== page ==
Risk profile
And when it comes to risk, an overwhelming 77 percent of New Zealand directors believe that their risk as non-executive director has increased over the past five years. Only one felt the risk had decreased. Of greater concern is the 23 percent of directors who felt their reputations had been negatively affected in the past five years. On the other hand, none had made any claim on the directors’ liability insurance although notification of potential claims has occurred. The “increased” risk perceived by directors is about reputation and not financial risk.
What does the survey say about the number of boards directors should serve on? The majority, 53 percent, agree there should be limit on the number of boards an individual can chair and 45 percent agreed to limit on the number of boards on which an individual can serve. The consensus seems to be three chairmanships, six NEDs or four audit committee chairs. On the basis of 38 days per directorship and possibly twice that per chairmanship it is obvious that, for those paid fees at the median, Kiwi directors and chairmen won’t get rich.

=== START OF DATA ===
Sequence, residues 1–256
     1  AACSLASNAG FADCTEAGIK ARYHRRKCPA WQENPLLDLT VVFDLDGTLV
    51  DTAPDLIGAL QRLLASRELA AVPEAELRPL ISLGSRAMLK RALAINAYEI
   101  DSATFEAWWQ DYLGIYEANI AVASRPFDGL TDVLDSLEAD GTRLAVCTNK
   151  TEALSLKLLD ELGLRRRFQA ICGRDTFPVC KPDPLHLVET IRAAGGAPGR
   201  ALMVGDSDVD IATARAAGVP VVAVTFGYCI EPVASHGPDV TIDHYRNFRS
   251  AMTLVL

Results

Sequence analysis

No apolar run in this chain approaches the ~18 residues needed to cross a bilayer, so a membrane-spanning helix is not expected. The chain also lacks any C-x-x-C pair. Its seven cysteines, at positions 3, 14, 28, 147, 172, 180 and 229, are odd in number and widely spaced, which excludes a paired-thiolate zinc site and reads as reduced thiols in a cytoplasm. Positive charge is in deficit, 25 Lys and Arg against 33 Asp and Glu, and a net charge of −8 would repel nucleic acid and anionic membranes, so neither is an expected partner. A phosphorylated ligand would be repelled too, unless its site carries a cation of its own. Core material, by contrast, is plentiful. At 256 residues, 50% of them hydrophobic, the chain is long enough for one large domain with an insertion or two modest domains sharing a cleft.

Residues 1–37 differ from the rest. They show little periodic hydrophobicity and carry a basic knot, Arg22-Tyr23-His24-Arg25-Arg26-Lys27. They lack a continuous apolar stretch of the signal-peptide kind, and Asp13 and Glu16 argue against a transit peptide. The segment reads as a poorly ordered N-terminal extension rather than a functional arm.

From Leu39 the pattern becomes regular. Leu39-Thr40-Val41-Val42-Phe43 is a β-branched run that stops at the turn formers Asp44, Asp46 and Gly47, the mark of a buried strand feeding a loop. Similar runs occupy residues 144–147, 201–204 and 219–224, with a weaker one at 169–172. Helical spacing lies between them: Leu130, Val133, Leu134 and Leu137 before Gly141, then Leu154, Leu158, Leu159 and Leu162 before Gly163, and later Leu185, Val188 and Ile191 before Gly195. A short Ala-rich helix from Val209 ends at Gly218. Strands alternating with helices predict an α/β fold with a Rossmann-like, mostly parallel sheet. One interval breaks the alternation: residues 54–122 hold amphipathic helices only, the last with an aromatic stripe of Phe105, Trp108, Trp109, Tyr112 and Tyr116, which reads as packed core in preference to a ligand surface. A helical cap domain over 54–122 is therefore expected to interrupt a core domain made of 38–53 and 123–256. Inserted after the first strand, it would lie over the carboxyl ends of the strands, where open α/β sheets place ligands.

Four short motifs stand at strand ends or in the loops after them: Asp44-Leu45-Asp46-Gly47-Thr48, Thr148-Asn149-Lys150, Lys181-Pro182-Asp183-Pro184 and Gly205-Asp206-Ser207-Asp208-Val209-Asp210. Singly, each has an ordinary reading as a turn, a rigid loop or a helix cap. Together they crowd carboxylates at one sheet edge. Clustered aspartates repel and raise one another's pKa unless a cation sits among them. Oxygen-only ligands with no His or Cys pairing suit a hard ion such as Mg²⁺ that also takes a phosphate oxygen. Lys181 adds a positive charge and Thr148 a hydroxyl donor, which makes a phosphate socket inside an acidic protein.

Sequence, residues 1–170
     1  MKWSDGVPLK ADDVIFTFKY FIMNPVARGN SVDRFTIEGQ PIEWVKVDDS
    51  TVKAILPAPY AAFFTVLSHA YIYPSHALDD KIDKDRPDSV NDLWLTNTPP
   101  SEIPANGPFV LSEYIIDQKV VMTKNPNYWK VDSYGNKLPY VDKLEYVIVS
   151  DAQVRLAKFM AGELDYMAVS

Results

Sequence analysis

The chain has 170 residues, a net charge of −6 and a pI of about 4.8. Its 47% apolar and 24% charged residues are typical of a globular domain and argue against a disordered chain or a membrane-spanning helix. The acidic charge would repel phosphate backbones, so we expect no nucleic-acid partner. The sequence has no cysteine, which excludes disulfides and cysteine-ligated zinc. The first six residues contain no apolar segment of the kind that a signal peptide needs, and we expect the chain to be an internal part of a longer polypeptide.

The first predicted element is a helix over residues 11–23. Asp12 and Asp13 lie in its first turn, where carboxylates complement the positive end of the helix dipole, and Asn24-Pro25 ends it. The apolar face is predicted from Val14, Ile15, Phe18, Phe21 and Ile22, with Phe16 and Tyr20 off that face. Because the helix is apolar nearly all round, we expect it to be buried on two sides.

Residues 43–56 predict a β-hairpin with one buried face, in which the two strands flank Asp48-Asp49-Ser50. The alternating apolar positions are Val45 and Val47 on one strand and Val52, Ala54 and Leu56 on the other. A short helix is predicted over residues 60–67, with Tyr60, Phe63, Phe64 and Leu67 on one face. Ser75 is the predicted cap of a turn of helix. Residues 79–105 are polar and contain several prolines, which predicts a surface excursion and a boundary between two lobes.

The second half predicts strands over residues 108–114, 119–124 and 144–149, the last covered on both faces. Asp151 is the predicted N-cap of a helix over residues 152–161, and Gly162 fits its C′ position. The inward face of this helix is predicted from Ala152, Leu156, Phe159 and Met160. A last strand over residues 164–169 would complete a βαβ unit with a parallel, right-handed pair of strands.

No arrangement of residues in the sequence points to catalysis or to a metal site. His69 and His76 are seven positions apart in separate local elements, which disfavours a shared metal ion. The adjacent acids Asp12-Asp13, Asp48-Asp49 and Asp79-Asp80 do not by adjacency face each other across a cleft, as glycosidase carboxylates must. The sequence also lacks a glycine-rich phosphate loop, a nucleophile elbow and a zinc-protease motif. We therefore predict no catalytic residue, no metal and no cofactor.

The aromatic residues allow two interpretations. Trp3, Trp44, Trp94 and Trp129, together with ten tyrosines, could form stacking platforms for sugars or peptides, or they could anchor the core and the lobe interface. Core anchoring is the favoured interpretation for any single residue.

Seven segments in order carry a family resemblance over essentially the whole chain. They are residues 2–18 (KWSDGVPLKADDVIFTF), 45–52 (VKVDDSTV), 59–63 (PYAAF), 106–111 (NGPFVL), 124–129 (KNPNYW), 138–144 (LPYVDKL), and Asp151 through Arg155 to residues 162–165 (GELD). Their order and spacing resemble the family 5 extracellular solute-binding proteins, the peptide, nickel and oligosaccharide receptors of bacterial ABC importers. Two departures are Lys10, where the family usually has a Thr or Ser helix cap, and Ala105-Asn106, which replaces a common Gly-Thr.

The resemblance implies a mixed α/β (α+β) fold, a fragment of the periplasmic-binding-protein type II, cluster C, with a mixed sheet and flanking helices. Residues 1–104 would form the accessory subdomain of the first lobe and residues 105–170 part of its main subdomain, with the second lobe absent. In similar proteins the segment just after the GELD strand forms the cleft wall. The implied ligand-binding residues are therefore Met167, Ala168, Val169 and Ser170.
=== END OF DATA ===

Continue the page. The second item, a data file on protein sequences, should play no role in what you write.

Publicly listed companies pay better fees than either privately owned or state sector organisations with the medians at $30,714, $21,689 and $22,100 respectively. At the upper quartiles these fees range from $50,000 to $31,250 and $28,782.
The survey suggests that if directors limit themselves on the number of boards on which they should serve, they will not get rich. And when compared with the remuneration packages paid to most CEOs they appear to